- Preheat the oven to 180°C.
- Coat a 9 inch cake tin with vegetable oil and line the bottom with baking paper.
- Combine the baking powder, baking soda, salt, cinnamon, ginger, and nutmeg in a large mixing bowl.
- Combine granulated sugar, brown sugar, oil, honey, egg, and egg yolk in another large bowl. Scrape in seeds from vanilla bean; discarding the pod.
- Beat the wet mixture (using an electric mixer on medium if you have one) until pale and thickened, about 4 minutes. Reduce the speed to medium-low and gradually pour in the orange juice and whey.
- Continue to beat until frothy, about 2 minutes. Reduce the speed to low and gradually add the dry ingredients; beat just until smooth and homogenous (it will be thin, like pancake batter).
- Pour into your cake tin and bake until it golden brown and the centre springs back when gently pressed (a cake tester will not come out clean), 45–55 minutes.
- Transfer to a wire rack and leave to cool in the pan for 20 minutes. Run a knife around the edges of the cake to loosen and invert onto the rack. Leave to cool completely.
- Top tip — we love this cake still slightly warm from the oven, but you can make the cake 3 days ahead of eating, and store it tightly wrapped at room temperature.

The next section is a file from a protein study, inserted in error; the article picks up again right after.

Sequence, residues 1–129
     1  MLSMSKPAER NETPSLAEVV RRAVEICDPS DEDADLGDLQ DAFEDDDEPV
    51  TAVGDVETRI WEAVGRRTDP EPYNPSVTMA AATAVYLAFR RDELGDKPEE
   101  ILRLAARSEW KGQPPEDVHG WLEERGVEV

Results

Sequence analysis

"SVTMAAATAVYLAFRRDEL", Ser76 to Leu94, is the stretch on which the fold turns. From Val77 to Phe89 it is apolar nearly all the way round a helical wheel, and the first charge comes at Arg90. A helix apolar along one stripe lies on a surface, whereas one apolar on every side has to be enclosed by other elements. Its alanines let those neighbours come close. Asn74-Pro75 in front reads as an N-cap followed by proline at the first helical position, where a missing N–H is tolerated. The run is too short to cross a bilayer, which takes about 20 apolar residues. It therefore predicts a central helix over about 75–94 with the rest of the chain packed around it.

- To make the icing, beat the cream cheese and butter together on a medium-high speed with your electric mixer. Add the icing sugar, lemon zest, salt and the vanilla beans. Beat on a low speed until mixture is very light and thickened.
- With the motor running, add the coconut cream by the tablespoonful and continue beating until very soft peaks form.
- To decorate, pile the frosting on top of cake and spread to edges (it’s okay if it cascades over the sides).
- Decorate with bee pollen, goji berries, edible flowers, candied nuts of your choice, we used pecans. If desired, drizzle honey over the whole cake just before serving.
Zero Waste Tips
This cake freezes well, just ensure it’s wrapped up nice and tightly. Remove from the freezer and allow to defrost before assembling with the icing and decorations.
You can freeze egg whites – then use next time you’re making meringues.